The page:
Juan Juan Almeida, 3 August 2017 — The Cuban government is again relying on a proven strategy in an attempt to avoid surprises on October 22 when voters go to the polls to elect delegates to the various local and national legislative bodies, which will in turn be responsible for electing the president of the Council of State.
This curious initiative began with an orientation that had the feel of a series directives handed down by senior officials of the Communist Party, the Central Committee and the national coordinator for the Committees for the Defense of the Revolution (CDR).
On numerous occasions General Raul Castro has said he intends to step down as president in February 2018. After having been in power for twelve years (ten as president, two as acting president during the illness of his brother Fidel), the eighty-six-year-old is in declining health. Remaining as head of the Communist party until 2021 would seem more like a ploy to guarantee immunity from prosecution than a step towards maximizing his control over the country or influencing the direction of government.
“I just came back from a meeting where they outlined all the things that we must do to raise public morale for the upcoming elections. People have to be happy because on this occasion they will be choosing those who will choose the next president, which seems redundant,” says a provincial CDR coordinator who prefers to remain anonymous.
The CDRs were designed to hold neighborhood meeting during July and August, assuage any doubts about the elections and make sure there are no unexpected proposals from unforseen candidates by paying attention to their constituents’ “revolutionary condition.”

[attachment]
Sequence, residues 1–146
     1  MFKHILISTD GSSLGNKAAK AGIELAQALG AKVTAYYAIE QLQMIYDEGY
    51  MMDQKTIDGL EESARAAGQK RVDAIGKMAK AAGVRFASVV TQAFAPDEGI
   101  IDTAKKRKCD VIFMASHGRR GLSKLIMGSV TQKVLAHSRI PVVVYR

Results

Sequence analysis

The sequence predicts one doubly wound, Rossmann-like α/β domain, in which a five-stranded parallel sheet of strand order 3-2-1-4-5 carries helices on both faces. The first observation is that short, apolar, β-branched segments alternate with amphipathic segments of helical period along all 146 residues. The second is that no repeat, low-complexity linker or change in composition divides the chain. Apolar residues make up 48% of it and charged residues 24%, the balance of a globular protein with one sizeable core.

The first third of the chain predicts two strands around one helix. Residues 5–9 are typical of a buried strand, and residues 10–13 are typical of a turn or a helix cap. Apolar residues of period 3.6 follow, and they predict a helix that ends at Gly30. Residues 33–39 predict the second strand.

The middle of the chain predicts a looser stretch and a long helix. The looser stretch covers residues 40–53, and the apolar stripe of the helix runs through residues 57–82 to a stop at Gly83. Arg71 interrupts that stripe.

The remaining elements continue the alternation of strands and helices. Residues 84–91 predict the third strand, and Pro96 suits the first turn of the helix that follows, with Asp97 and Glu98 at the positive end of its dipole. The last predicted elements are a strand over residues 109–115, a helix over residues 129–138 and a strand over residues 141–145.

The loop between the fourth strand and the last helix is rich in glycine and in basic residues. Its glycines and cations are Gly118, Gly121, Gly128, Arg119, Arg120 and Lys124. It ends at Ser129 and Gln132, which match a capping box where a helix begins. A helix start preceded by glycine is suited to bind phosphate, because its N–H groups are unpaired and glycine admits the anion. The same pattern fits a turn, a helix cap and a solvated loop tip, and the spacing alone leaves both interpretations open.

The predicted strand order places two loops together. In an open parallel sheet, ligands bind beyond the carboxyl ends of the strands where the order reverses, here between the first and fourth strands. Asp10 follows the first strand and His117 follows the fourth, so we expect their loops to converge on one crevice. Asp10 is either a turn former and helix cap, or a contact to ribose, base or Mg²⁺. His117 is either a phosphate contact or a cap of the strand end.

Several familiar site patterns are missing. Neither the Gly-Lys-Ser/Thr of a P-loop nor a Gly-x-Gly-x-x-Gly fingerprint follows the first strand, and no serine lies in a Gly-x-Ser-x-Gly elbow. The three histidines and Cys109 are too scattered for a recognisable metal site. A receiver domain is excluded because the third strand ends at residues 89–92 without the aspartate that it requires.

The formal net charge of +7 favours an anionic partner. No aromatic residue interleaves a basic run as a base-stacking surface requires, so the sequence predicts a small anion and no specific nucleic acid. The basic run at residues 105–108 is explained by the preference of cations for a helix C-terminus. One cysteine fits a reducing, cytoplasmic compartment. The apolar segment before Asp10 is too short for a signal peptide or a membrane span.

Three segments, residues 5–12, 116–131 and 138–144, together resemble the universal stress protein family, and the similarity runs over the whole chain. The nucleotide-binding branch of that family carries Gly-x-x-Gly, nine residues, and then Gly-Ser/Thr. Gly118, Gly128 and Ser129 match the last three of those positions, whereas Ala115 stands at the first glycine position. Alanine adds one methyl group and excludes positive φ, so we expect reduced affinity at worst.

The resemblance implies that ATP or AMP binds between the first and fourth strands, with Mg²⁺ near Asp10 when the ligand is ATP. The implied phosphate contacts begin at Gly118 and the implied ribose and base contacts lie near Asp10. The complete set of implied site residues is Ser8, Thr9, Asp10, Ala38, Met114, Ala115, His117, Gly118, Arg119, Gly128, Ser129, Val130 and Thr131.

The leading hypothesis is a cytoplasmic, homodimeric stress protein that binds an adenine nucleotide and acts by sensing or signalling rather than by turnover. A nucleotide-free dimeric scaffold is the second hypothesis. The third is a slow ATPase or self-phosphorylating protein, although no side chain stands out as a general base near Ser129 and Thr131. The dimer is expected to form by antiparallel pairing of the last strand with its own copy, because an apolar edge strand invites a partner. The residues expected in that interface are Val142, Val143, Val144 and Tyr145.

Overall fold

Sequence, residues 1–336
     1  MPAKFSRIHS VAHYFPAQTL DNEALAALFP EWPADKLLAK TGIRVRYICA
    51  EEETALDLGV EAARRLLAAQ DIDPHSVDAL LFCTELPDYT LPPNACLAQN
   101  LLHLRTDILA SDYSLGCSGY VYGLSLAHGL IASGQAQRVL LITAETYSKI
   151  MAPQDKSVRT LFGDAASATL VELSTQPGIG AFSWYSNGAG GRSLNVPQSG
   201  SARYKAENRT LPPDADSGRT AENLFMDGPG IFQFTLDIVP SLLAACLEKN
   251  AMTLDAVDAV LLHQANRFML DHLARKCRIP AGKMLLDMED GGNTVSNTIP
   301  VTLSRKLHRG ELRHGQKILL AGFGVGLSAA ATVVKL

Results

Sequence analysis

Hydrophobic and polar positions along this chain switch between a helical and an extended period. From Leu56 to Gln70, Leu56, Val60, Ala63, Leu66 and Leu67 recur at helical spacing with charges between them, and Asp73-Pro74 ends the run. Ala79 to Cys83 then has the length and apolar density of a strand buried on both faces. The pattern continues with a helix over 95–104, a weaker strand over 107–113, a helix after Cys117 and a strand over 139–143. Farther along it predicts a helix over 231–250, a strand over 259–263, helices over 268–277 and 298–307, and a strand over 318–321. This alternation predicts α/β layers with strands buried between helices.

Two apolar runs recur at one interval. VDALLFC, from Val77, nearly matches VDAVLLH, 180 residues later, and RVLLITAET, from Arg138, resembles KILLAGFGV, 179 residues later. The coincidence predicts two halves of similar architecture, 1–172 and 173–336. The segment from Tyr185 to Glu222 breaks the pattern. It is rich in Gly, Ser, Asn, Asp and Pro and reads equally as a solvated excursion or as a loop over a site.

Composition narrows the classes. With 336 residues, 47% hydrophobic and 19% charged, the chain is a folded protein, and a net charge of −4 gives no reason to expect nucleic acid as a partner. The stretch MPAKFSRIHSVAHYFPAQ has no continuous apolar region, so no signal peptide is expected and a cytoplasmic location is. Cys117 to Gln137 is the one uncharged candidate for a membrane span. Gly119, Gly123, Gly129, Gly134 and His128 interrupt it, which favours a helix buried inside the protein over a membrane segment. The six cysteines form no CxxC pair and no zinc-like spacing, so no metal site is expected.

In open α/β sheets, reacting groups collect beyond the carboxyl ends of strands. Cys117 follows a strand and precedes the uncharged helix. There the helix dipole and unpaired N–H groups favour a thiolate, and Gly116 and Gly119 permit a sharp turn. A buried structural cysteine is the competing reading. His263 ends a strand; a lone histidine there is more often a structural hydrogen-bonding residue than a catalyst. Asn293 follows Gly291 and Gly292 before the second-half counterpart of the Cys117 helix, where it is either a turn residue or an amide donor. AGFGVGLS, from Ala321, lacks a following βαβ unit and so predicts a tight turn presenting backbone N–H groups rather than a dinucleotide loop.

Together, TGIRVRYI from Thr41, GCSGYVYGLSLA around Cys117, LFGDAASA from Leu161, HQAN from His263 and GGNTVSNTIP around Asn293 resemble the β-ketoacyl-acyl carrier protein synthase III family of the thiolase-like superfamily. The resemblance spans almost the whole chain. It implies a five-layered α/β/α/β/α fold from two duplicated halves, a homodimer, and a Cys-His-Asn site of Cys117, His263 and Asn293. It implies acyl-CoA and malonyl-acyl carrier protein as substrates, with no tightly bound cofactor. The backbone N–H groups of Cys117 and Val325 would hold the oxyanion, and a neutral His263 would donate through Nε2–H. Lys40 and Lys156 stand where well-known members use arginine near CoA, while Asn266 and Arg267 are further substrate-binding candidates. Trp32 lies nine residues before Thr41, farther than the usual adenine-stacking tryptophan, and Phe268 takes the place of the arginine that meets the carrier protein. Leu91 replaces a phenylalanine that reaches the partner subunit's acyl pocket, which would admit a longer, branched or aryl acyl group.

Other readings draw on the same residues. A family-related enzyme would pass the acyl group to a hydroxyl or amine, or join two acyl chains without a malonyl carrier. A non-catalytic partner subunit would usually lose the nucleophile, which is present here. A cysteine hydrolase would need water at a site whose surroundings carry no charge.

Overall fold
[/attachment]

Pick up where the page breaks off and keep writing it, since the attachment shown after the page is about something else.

Communist party and government officials are touring the island, meeting with local officials and party members and assigning them tasks in an effort to encourage an effective voter response. According to one source, the battlefield of ideas continues to be the main frontline.
The following are some of the tasks that have been assigned to party cadres and members:
- Review the personal history and attest to the aptitude and ability of every member of the provincial, municipal and district electoral commissions.
- Visit schools and check the documents and election materials that are to be distributed in each neighborhood.
- Review voter registration rolls and verify that the Address Registry has been updated in every CDR.
- Explain to, reason with and convince reliable voters in each community of the need to forcefully deal with problems caused by disturbances of public order or actions by members of counterrevolutionary groups who, with foreign funding, are attempting to disrupt the normal functioning of the electoral process.
- Recruit young people with proven leadership abilities in every neighborhood to create a corps of activists who will spread ideas, encourage action and spur participation by members of the community.
- Coordinate with representatives from public health and transportation, giving special priority to hygiene and sanitation with the goal of preventing the accumulation of trash over prolonged periods of time in underserved locations.
- Insist that delegates have direct contact with the public and that they craft compelling messages that preferably have little to do with political positions.
- Talk to voters in order to objectively and critically evaluate local problems and determine with renewed vigor the political adjustments that need to be made in each area.
- Work closely with more enthusiastic groups and demographic sectors so that they might have influence on those who are apathetic or indifferent.
- Coordinate with representatives from the cultural, transport, housing and supply sectors to optimize conditions for stability and assure widespread citizen participation.
- Guarantee blood donations, which are important and essential.
- Allow citizens to maintain orderly conduct, work together to assure that the elections take place in a peaceful atmosphere and participate in the opening and closing of the polls.
- Monitor compliance with the assigned tasks, the Election Law and directives from the National Electoral Commission.